Planting trees in pots is not advisable for the same reason that planting some plants in pots is good – the pots don’t let the roots expand. The roots might be able to puncture the pot eventually, but if they don’t, they can circle around inside the pot, which stunts the tree enough that it eventually dies. Also, water can’t pass through the barrier of the pot, and this can lead to insufficient water.

How to Plant in Containers Sunken into the Ground. Sinking a planter into a garden bed provides a barrier between plants and the surrounding garden. This barrier prevents plants from spreading into nearby areas and also allows you to plant in the best type of soil for the particular plant regardless of garden soil …

Pot-in-pot technique for easy annuals

Annuals are often amazing in their variety and they bring fresh change to the garden.

The pot-in-pot technique is a great way to make replacing them and caring for them is as easy as pot in, pot out!

Pots come in many sizes and you can take advantage of this to make your spring gardening very easy indeed. Simply bury a slightly larger pot in the ground and fill it with a smaller flower pot that fits right in!

What is the pot-in-pot technique?

Usually, it’s recommended to plant your flowers directly in the ground. That’s what gives the plant the most freedom to grow and search for nutrients.

But in some cases, it’s best to consider the pot in pot concept for planting your plants in the ground without removing the pot you purchased them in.

Setting up a planting pot-in-pot

To set up a pot-in-pot planting bed, simply do the following:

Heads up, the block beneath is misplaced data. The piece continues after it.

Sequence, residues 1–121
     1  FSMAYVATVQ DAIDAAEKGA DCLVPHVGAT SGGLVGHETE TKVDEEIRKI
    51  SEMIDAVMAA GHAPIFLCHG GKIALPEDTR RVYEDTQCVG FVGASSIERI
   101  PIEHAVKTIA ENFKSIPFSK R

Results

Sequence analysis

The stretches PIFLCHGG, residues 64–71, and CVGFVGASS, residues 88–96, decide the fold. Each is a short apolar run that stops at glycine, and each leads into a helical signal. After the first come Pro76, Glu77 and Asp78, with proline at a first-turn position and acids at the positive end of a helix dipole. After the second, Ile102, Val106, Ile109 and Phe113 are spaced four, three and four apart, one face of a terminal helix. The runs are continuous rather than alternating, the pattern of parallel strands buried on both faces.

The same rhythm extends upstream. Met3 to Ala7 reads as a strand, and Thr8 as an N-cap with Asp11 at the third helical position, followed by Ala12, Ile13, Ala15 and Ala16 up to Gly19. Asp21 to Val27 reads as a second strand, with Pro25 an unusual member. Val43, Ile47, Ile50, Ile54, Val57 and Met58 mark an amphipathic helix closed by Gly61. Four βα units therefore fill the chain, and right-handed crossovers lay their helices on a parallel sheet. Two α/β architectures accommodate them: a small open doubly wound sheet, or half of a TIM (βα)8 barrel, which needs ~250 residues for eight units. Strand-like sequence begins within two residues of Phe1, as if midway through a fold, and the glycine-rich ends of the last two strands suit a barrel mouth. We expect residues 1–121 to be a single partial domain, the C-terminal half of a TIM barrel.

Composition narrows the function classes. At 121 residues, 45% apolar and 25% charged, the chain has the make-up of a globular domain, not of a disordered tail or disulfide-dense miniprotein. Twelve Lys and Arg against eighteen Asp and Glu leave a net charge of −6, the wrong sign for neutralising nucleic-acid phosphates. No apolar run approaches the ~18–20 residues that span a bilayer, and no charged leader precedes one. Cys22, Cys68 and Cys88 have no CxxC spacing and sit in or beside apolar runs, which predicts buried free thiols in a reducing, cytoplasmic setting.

• Identify the usual size of pots that your local nursery sells potted plants in.

Usually, this will be either a 4-inch pot (10 cm) for small annuals or a 7-8 inch pot (18-20 cm) for larger ones. The former are sometimes called half-quart pots and the latter gallon pots.

  • Purchase one or more pots that are just one size larger. Check that all pots involved have drainage holes.

One size larger means the diameter of the pot is around 1 inch across larger than the first pot. When pot sizes are marked in volume, though, the rating almost doubles. Basically you just want a snug fit between the plant pot and the larger pot.

  • Bury the larger pot in the ground at the right place. This is called the socket pot.
  • Best is to set up a drainage layer in the hole, under the pot.

Ensure the rim stays visible, perhaps letting it jut out of the soil by half an inch (1.5 cm). The larger, buried pot should rest on a bed of highly draining material, like clay pebbles or gravel. This pot will stay in the ground year after year.

  • Place the plant you just purchased with the smaller pot inside the larger one. This can be called the plug pot.

That’s all! Water thoroughly at first, and you’ll have to keep watering on a regular basis throughout the summer.

You can also use mulch of all sorts to beautify the garden bed, even hiding out the pots if you find them ungainly.

When is it relevant to use the pot in pot technique?

Sometimes you just don’t have time to go into all that hole-digging and dirt shoveling year after year, but there are also other good reasons for using the pot in the ground technique: